The Society of American Period Furniture Makers

Tools and Techniques => Finishing => Topic started by: rac50 on June 11, 2016, 11:26:40 AM

Title: waxing period pieces
Post by: rac50 on June 11, 2016, 11:26:40 AM
I am seeking a consensus from the professional conservators/restorers regarding the use of wax on period pieces.
I have a piece in the shop for a repair where I reglued a clean break using hot hide glue, removed traces of white glue and replaced some modern nails with period cut nails. The customer wants a coat of wax to perk up the finish, but I am reluctant because the piece is in original untouched condition. Would the addition of wax diminish the value?
Title: Re: waxing period pieces
Post by: Peter Storey Pentz on June 11, 2016, 12:49:33 PM
rac50,

I am assuming the finish on this piece is a clear finish on wood and that it is not a painted piece.  I am also assuming it has a finish, and is not bare wood.  You can paste wax a clear finish without much concern, as it is fairly easy to remove if necessary, later.  Painted surfaces should not be waxed.  Wax on bare wood, unless that is the original finish (or non-finish), can be difficult to reverse.  It would be interesting to have a photo of the piece to refer to.  Also, for the sake of discussion, you raise an ethical question:  Is the customer always right?  PSP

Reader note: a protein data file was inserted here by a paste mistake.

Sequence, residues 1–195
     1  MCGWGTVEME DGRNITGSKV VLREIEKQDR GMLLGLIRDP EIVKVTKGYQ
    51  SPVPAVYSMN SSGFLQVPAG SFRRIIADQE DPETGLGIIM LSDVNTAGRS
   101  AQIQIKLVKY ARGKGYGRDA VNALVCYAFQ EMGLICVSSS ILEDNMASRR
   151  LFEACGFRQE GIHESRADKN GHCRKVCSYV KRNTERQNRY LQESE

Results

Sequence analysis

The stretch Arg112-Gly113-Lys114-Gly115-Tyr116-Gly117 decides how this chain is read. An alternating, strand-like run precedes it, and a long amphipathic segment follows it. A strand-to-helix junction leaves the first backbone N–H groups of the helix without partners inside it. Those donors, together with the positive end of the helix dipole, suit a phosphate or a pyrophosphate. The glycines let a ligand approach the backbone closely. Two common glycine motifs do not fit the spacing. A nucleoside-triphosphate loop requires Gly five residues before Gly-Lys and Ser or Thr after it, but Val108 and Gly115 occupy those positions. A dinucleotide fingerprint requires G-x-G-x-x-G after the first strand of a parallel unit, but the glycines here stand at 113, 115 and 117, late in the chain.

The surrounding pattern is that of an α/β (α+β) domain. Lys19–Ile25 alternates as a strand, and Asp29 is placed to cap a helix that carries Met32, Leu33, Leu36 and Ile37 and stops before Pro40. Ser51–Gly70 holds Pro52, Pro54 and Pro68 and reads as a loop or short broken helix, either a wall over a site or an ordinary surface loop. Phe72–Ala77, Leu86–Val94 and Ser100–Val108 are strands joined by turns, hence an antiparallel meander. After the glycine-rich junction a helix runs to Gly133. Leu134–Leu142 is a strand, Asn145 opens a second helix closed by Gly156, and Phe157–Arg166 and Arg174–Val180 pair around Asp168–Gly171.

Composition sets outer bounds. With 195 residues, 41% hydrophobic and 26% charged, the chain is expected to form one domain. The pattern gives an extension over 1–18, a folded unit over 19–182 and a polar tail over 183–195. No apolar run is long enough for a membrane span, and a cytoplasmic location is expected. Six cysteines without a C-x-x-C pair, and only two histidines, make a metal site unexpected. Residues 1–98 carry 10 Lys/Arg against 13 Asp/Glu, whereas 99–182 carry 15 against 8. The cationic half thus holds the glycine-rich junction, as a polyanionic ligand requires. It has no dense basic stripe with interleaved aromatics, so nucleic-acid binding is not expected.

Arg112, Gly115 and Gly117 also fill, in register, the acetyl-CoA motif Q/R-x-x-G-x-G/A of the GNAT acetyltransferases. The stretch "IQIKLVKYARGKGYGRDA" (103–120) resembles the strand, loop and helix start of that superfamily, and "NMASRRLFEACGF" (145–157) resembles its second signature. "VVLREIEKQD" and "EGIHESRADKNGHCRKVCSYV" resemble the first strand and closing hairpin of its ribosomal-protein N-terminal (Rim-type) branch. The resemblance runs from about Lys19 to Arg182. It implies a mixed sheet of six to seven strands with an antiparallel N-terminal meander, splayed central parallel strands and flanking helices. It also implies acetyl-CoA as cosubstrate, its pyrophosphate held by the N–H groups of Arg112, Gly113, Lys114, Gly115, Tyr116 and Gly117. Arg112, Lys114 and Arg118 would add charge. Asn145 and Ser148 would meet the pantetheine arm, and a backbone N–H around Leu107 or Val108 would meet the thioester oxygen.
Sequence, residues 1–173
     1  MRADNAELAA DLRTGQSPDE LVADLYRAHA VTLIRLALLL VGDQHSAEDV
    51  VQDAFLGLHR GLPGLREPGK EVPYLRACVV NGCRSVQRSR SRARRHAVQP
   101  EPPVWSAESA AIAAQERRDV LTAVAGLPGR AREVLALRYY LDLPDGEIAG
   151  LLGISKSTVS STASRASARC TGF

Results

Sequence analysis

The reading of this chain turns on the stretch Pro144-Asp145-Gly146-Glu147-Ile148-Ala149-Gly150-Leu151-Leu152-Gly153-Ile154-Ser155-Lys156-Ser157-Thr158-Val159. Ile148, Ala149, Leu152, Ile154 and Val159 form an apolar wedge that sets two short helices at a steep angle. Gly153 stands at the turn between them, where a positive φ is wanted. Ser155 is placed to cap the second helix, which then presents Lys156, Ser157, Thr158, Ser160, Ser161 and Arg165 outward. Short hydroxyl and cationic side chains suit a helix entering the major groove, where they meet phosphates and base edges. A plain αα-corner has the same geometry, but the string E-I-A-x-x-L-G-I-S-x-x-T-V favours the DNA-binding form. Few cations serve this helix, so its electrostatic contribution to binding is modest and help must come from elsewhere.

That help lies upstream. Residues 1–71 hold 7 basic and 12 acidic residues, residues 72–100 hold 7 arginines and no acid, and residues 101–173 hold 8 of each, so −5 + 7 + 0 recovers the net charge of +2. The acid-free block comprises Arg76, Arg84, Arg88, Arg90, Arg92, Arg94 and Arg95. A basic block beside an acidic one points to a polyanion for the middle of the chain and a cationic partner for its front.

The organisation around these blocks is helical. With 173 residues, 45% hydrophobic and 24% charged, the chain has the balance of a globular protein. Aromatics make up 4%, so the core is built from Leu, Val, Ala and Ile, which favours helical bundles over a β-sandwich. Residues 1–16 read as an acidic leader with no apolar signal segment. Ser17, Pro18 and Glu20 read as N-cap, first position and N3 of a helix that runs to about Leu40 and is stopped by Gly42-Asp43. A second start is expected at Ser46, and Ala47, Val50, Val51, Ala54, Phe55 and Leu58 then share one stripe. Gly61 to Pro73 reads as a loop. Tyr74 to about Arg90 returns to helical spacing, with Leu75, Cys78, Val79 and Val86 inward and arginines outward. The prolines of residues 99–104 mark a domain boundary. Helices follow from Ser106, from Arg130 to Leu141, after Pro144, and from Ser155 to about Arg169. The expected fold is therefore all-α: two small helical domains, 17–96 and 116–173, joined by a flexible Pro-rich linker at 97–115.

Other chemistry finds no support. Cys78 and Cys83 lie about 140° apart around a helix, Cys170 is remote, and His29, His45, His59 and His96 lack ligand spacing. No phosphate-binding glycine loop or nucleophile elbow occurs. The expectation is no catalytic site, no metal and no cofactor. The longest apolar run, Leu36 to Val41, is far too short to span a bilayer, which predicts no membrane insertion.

Title: Re: waxing period pieces
Post by: Freddy Roman on June 12, 2016, 10:26:44 PM
Rac50,

Most likely its an old finish. Rarely or should I even say never does the original finish survive.I would use Boston Polish Bowling Alley Wax. This is common practice.

FR
Title: Re: waxing period pieces
Post by: rac50 on June 15, 2016, 08:37:03 AM
Peter and Freddy, Thanks for your responses. Thankfully I convinced the customer that it was in her best interests to leave the piece untouched. The piece in question was a cherry Shaker child's cradle in remarkable condition with some losses to the finish on the inside, which as Peter mentioned, would have absorbed more wax and darkened. Ross
Title: Re: waxing period pieces
Post by: Peter Storey Pentz on June 16, 2016, 02:26:57 PM
rac50,

Good call.  When it comes to authentic Shaker items, doing nothing to anything with an old finish is the best course.  Most of them have a thinned paint for a surface finish.  Even if that was followed at a later date with something like shellac, it is best not to add or subtract anything.  The Shaker market is extremely picky.  PSP